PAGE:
UK consumer goods heavyweight Reckitt Benckiser is reportedly considering the future of its infant-nutrition business.
Bloomberg, citing people familiar with the matter, said on Friday (4 February) Reckitt Benckiser is weighing options for the division, which includes the Enfamil infant-formula brand.
The publication said the group has been “informally gauging buyer interest in the operations”, with deliberations at an early stage.
Reckitt Benckiser, which owns brands including Dettol bleach and Finish dishwasher tablets, moved into infant formula five years ago through its US$17bn 2017 takeover of US-based manufacturer Mead Johnson.
In June last year, the company sold its infant-formula business in China to local investment firm Primavera Capital amid falling birth rates and intensifying local competition. At the time, Reckitt Benckiser said the transaction gave the assets sold “an implied enterprise value” of US$2.2bn. It retained an 8% stake in the business.
In February 2020, Reckitt Benckiser booked a writedown of more than GBP5bn (US$6.75bn) thanks to the weaker prospects for growth from its infant and child-nutrition arm in China.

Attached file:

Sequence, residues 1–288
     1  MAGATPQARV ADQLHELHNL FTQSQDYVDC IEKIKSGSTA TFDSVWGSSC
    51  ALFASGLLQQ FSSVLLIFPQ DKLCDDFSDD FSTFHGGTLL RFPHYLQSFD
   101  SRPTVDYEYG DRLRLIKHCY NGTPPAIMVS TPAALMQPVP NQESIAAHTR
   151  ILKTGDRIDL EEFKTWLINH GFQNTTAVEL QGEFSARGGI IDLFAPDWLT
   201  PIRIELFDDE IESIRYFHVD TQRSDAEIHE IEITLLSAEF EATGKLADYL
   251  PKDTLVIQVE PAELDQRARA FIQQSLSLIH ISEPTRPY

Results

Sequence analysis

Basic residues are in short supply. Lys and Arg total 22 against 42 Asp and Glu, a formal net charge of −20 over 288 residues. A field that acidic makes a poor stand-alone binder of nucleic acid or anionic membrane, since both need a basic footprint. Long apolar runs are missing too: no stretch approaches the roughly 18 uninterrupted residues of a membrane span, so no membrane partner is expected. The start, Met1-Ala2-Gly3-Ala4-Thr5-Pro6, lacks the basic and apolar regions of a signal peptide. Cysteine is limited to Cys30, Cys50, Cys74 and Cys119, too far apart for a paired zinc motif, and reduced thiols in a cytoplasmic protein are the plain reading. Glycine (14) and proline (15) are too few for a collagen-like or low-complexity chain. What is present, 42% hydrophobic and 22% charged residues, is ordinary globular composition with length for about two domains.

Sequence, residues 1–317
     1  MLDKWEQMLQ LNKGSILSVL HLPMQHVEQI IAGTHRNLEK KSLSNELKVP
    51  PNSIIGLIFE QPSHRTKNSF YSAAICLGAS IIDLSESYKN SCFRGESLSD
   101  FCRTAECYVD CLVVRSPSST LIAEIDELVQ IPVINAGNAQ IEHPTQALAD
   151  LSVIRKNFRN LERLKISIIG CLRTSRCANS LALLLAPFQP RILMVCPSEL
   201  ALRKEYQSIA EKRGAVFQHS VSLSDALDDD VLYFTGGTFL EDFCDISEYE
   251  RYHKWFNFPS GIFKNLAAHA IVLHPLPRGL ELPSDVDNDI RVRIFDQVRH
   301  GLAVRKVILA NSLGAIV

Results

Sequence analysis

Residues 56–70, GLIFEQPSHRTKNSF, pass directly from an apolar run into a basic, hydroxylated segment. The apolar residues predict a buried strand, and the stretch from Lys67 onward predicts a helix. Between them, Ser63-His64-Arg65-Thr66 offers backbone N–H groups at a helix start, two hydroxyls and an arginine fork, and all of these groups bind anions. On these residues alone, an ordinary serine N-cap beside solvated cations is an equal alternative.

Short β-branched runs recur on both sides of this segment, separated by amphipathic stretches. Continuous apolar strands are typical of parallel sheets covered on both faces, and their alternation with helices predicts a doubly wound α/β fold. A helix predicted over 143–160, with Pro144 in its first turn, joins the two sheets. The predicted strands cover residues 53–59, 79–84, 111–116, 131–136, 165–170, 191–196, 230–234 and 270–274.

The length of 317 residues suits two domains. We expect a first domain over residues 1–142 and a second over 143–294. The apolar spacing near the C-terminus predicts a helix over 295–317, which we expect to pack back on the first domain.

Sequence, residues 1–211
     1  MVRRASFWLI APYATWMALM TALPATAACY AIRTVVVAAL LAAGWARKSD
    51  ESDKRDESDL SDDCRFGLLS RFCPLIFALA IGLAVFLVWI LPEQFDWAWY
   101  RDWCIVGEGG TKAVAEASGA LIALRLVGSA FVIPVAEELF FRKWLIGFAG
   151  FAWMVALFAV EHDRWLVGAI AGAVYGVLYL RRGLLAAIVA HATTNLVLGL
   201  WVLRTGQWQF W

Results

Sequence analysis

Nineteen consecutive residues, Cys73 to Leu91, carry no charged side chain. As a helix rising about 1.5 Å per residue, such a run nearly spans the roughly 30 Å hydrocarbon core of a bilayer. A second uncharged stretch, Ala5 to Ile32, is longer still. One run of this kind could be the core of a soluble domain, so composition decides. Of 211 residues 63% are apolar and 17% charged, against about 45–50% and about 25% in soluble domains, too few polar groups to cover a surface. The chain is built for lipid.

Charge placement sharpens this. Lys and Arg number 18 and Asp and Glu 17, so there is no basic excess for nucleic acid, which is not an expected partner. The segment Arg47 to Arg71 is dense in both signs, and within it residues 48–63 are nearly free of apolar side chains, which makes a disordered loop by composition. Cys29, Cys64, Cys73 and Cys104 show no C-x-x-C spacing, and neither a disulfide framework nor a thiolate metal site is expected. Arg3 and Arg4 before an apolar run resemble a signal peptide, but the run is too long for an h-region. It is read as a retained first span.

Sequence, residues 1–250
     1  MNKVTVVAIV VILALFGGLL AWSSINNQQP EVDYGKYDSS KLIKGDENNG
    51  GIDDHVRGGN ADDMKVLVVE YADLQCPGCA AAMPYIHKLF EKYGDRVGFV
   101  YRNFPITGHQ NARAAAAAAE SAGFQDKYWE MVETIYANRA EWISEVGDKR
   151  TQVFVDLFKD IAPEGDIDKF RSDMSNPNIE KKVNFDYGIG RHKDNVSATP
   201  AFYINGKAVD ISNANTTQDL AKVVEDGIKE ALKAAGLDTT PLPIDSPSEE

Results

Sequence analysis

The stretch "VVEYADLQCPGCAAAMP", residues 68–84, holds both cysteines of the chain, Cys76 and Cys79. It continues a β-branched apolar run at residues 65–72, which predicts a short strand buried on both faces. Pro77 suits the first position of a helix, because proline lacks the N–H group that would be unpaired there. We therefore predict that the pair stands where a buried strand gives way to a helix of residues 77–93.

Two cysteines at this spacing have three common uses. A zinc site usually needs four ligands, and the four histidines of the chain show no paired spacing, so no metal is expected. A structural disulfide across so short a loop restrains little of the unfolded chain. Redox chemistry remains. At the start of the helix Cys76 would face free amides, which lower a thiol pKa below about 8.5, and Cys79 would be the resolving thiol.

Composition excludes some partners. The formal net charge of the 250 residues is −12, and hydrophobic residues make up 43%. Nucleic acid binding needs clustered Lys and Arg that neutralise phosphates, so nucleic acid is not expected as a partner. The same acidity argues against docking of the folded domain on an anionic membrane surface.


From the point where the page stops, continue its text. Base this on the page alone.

Around half the sales from the remainder of the company’s infant-formula assets are generated in the US, according to Martin Deboo, an equity analyst at investment bank Jefferies who covers the business. Research from GlobalData suggests Reckitt Benckiser was the third-largest player in the US market, behind Abbott Laboratories and Nestlé, when measuring sales in 2020. GlobalData’s figures gave Reckitt Benckiser a market share of 25.9%, with Nestlé at 28% and Abbott Laboratories at 28.5%.
In a note to investors issued yesterday, Deboo wrote: “We expect a positive reaction this morning to the news after Friday’s close that RKT [Reckitt Benckiser] is exploring the sale of what remains of its unloved IFCN assets. But we counsel against too much euphoria: this is the number four player [globally], in a troubled industry, with Danone or Feihe the only incumbents free of anti-trust complications.”
In a note to investors, AllianceBernstein analyst Bruno Monteyne said: “Reckitt may well be doing the right thing with considering the disposal of infant nutrition. But before considering that a great catalyst on the stock, reflect on why they are considering this now and how that fits with commentary they have given in the past on the attractiveness of their categories previously”
Just Food has asked Reckitt Benckiser for confirmation of the Bloomberg story.
Shares in Reckitt Benckiser were up 0.0069% at 5,814 pence at 11:24 GMT.